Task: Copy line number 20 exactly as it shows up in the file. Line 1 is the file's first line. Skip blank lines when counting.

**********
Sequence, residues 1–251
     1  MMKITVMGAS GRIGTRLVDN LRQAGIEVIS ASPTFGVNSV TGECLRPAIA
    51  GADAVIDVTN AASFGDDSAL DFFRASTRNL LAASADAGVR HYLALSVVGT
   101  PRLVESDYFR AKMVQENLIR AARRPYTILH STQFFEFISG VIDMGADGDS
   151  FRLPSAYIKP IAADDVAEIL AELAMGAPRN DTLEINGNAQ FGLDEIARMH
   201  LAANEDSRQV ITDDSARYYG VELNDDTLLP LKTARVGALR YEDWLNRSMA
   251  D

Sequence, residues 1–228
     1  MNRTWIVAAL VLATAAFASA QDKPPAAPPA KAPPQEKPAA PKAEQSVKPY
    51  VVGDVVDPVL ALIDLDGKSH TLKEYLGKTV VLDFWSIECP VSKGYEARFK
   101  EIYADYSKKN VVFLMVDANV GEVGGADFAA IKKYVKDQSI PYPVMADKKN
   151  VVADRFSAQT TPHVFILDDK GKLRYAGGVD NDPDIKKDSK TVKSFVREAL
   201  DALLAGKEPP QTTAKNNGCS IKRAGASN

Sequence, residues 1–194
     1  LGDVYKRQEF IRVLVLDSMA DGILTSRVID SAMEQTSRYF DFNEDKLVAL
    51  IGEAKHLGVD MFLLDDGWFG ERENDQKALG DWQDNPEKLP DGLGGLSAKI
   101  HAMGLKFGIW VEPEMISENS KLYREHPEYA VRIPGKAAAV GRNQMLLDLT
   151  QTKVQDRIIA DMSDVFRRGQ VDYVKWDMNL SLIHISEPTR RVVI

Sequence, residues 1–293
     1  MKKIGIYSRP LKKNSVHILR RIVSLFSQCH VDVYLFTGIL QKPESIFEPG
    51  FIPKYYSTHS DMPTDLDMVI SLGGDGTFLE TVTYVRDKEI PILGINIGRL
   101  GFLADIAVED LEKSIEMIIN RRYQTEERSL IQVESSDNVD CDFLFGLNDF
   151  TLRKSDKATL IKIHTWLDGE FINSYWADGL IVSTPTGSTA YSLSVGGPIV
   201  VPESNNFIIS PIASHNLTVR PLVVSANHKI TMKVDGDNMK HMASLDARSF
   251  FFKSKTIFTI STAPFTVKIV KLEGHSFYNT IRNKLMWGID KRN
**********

     1  MKKIGIYSRP LKKNSVHILR RIVSLFSQCH VDVYLFTGIL QKPESIFEPG